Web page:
Control of female sexuality revolves around the hymen. In some parts of Algeria, Morocco and Tunisia, the bride’s deflowering on her wedding night is proudly celebrated: the blood from her hymen is wiped onto a white cloth which is then exhibited to the wedding’s guests, showing that her family’s honour is intact. Brides whose hymens are found to be already broken on their wedding nights bring dishonour on their families and annulments or divorce follow.
The general mood of hysteria surrounding sexuality in Saudi Arabia was evidenced by the story widely reported in the media in April 2013 about the deportation by Saudi police of three male citizens of the United Arab Emirates. They were arrested at the Jenadrivah Heritage and Culture Festival in Riyadh for being “too handsome” and thus a threat to the honour and virginity of local women.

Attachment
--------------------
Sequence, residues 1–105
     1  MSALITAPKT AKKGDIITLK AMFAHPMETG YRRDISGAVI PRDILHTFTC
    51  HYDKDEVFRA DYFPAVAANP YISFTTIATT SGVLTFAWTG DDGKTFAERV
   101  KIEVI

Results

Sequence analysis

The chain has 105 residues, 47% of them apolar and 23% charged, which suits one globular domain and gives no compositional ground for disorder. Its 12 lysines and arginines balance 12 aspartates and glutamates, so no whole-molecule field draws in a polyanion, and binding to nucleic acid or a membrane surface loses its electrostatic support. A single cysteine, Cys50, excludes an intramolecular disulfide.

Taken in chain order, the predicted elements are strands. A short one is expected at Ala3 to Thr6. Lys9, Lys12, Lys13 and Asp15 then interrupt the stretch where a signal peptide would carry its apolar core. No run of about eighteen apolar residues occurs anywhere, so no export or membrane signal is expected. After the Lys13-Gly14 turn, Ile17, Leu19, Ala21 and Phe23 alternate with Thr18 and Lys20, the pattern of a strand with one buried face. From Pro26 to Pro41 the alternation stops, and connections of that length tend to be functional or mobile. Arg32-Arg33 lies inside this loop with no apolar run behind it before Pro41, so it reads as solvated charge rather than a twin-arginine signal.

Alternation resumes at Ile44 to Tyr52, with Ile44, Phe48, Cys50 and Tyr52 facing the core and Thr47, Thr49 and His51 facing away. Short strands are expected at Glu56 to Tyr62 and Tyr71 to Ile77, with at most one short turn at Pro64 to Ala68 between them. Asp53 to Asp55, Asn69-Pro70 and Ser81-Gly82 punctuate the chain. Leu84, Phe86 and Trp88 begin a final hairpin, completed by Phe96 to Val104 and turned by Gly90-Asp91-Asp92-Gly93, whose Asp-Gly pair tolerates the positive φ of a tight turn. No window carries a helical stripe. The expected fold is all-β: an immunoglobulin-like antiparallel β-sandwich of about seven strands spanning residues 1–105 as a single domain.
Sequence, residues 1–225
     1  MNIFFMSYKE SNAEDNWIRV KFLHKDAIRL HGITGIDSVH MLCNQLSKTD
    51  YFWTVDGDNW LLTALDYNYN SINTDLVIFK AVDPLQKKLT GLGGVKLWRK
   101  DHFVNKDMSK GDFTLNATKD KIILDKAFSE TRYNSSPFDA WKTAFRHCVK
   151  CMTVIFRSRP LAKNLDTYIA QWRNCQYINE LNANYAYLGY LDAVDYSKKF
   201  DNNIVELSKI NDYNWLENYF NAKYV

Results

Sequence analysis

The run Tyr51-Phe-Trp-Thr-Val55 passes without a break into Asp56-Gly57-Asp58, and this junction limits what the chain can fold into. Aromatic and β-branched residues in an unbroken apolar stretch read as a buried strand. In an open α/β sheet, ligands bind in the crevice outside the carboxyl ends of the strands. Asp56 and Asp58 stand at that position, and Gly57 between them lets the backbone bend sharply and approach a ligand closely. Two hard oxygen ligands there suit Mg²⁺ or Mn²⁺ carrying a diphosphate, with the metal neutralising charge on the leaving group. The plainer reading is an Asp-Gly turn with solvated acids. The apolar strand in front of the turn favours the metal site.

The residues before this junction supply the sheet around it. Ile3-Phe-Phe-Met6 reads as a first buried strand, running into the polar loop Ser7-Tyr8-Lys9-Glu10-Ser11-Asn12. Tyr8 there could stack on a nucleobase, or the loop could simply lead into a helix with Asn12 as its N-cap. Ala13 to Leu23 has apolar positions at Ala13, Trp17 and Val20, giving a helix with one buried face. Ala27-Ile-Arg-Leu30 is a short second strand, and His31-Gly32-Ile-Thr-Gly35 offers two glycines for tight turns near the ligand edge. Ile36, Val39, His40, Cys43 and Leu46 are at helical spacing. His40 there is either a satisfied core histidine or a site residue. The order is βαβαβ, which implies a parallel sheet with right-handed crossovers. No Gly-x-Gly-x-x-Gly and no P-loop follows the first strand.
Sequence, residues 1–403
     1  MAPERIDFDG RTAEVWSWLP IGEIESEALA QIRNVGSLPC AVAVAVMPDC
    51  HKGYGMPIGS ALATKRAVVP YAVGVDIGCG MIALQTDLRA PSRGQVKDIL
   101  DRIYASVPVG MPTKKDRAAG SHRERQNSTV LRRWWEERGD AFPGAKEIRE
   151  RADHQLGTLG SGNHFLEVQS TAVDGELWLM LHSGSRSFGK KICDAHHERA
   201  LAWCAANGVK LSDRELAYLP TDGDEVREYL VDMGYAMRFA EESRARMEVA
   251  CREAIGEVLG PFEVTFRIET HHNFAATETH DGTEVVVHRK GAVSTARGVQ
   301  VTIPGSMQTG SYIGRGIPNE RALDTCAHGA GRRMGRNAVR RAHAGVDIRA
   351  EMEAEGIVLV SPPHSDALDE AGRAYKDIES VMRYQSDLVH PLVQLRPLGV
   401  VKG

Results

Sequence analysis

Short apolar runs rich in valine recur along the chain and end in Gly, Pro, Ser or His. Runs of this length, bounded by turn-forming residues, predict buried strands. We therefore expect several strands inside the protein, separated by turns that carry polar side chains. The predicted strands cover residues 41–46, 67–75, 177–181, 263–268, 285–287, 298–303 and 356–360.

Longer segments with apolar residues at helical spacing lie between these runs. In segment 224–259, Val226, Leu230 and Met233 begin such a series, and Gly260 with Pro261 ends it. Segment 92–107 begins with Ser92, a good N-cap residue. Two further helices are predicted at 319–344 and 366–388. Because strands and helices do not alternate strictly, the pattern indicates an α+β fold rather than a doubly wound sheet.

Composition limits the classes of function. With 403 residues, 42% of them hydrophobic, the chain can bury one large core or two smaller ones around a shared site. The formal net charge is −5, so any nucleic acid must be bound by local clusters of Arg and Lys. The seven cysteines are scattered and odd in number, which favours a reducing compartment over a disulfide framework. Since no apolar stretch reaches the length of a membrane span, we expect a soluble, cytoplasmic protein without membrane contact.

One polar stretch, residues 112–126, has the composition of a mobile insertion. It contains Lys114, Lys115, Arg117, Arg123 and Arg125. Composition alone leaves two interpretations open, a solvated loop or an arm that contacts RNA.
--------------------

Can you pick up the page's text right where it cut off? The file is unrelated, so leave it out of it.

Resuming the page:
A direct result of the lack of any discussion of sexuality and of any sex education in schools is the frustration of young people in the MENA region, where they make up over 70% of the total population. This frustration feeds high levels of sexual harassment, rape, paedophilia, FGM and the forced marriage of pre-pubescent girls (for example in Yemen).
Gender separation is enforced, making it almost impossible for boys to have sexual relationships with women before marriage. The rising age at which people are getting married in the MENA region means that many of them find alternatives to “normal” sex that will preserve women’s hymens, the most popular of which is heterosexual (and homosexual) anal sex.